API Fortress can easily test GraphQL API workflows. What’s GraphQL? Well, it might be best just to take a look at how they describe themselves:
GraphQL is a query language for APIs and a runtime for fulfilling those queries with your existing data. GraphQL provides a complete and understandable description of the data in your API, gives clients the power to ask for exactly what they need and nothing more, makes it easier
to evolve APIs over time, and enables powerful developer tools. – graphQL.com
GraphQL allows developers to access their data in a more organic manner by using queries and mutations to retrieve information and affect changes. It’s more dynamic than your typical API transaction, because a consumer can request the format that the provider returns the data in. This is true of both principal types of GraphQL transactions. Queries allow us to retrieve information from a server and are closer in function to a GET request. Mutations allow us to affect changes on data housed in the server and are closer in type to POST, PUT, PATCH or DELETE in function. GraphQL is a fantastic tool for creating versatile, eminently flexible servers. With API Fortress, testing GraphQL queries is as easy as testing regular REST endpoints.
API Fortress provides a demonstration GraphQL environment at:
The query and mutation below are formatted for this environment.
Testing a Query:
If the server has GraphiQL enabled, creating your queries through that tool and then copying the generated URLs into an API Fortress GET component is an acceptable process. However, this process does not lend itself to either readability or replicability. The preferred method is passing the query as a POST body.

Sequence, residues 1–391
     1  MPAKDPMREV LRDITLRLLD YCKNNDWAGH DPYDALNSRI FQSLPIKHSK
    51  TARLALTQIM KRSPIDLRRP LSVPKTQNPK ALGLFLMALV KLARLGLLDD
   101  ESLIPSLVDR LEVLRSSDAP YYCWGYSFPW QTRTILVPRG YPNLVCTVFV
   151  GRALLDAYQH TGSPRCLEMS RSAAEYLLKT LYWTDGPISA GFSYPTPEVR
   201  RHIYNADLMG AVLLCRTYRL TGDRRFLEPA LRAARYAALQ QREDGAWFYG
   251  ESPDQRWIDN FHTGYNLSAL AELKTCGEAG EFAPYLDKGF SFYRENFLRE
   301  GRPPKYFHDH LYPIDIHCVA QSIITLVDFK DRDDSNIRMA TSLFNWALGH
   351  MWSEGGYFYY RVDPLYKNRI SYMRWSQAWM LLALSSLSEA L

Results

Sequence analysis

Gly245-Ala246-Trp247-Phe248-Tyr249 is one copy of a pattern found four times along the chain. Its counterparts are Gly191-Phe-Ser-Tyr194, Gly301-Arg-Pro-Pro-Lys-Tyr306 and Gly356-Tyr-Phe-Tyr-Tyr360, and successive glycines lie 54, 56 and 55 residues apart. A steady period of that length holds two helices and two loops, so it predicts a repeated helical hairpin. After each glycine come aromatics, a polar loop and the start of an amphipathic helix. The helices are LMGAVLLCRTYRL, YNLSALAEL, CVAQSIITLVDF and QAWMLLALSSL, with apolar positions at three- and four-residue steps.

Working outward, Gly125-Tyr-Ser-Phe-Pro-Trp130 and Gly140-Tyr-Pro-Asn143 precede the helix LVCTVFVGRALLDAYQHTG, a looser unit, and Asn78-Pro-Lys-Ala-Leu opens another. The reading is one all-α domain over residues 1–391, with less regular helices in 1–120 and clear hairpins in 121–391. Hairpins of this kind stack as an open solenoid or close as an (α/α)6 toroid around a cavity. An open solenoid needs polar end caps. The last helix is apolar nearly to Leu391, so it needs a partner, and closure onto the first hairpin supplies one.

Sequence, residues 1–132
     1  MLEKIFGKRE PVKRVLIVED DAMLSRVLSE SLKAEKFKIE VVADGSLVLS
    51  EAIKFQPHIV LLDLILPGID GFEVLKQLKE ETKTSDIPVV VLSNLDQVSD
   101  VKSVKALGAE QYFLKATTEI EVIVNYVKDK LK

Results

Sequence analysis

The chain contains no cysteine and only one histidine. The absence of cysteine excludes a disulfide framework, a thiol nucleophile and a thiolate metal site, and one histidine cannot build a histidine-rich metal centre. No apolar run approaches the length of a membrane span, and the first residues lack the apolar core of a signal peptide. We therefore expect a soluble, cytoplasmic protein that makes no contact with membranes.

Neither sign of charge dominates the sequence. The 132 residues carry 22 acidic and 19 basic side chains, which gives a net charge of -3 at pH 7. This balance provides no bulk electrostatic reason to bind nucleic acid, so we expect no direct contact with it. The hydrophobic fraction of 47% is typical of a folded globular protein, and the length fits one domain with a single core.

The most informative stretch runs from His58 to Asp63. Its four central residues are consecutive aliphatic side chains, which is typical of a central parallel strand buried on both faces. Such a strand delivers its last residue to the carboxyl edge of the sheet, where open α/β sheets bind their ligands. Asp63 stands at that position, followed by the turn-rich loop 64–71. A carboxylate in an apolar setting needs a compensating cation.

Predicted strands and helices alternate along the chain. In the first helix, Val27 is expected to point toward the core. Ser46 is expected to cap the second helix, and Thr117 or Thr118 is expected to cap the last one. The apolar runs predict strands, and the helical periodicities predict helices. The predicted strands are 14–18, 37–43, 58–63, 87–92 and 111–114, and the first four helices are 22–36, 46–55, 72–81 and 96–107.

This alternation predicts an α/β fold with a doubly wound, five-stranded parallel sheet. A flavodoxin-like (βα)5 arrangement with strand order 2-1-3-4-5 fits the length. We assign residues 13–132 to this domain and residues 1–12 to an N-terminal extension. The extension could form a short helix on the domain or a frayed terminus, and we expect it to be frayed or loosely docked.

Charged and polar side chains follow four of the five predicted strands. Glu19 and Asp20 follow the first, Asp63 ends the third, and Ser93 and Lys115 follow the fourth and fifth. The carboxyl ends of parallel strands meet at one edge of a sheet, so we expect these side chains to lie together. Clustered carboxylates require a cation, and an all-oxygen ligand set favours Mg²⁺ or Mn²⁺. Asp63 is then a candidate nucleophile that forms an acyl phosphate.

If we’re sending a query request to our GraphQL server, we would format our POST body as follows:
The above object says the following: we are querying for a specific course by ID, and wish our response body to contain the ID, Title, Author, Description, Topic, and URL of that entry. If we send this body as a POST to our test GraphQL environment, our response will look like this:
Since our response is a JSON body, API Fortress is fully capable of automatically generating a test to validate future responses from this query.
Testing a Mutation:
A mutation is a GraphQL operation that makes a change to the data being provided. Whereas a GraphQL Query that performs a READ, a Mutation performs a CREATE, UPDATE, or DELETE, rounding out our CRUD operations.
A Mutation is also passed as a POST body to the GraphQL endpoint in question:
This Mutation is executing the ‘updateCourseTopic’ operation on the database entry with the ID of 1 and changing its ‘topic’ value to ‘Ruby’. Note the ‘mutation’ keyword in place of the ‘query’ keyword from the Query example. This Mutation would return the following response from our test GraphQL environment:
Again, as this is a valid JSON response body, API Fortress is able to generate a test automatically to validate its schema in the future.
GraphQL is an extremely versatile tool that allows for complex data management. Rather than setting up multiple endpoints or conditional logic, a developer can create a framework for queries that allows dynamic data retrieval and modification. API Fortress then allows for the automatic generation of schema validation tests which will ensure that these queries and mutations are providing the expected result every time.